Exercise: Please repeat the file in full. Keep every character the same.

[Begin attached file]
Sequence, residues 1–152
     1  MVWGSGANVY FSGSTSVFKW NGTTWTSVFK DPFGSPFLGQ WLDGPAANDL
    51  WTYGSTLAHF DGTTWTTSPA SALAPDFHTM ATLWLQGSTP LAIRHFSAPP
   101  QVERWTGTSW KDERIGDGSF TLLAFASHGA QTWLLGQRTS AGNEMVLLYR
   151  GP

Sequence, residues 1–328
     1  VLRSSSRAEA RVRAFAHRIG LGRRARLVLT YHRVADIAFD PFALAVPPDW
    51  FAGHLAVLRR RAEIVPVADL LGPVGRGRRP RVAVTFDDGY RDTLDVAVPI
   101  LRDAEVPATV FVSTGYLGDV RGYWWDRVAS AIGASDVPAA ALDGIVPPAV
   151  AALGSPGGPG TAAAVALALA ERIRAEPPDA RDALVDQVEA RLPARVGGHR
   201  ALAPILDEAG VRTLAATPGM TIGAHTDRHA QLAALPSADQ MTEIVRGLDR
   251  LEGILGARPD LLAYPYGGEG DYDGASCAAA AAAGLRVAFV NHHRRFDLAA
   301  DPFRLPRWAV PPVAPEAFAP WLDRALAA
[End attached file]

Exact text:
Sequence, residues 1–152
     1  MVWGSGANVY FSGSTSVFKW NGTTWTSVFK DPFGSPFLGQ WLDGPAANDL
    51  WTYGSTLAHF DGTTWTTSPA SALAPDFHTM ATLWLQGSTP LAIRHFSAPP
   101  QVERWTGTSW KDERIGDGSF TLLAFASHGA QTWLLGQRTS AGNEMVLLYR
   151  GP

Sequence, residues 1–328
     1  VLRSSSRAEA RVRAFAHRIG LGRRARLVLT YHRVADIAFD PFALAVPPDW
    51  FAGHLAVLRR RAEIVPVADL LGPVGRGRRP RVAVTFDDGY RDTLDVAVPI
   101  LRDAEVPATV FVSTGYLGDV RGYWWDRVAS AIGASDVPAA ALDGIVPPAV
   151  AALGSPGGPG TAAAVALALA ERIRAEPPDA RDALVDQVEA RLPARVGGHR
   201  ALAPILDEAG VRTLAATPGM TIGAHTDRHA QLAALPSADQ MTEIVRGLDR
   251  LEGILGARPD LLAYPYGGEG DYDGASCAAA AAAGLRVAFV NHHRRFDLAA
   301  DPFRLPRWAV PPVAPEAFAP WLDRALAA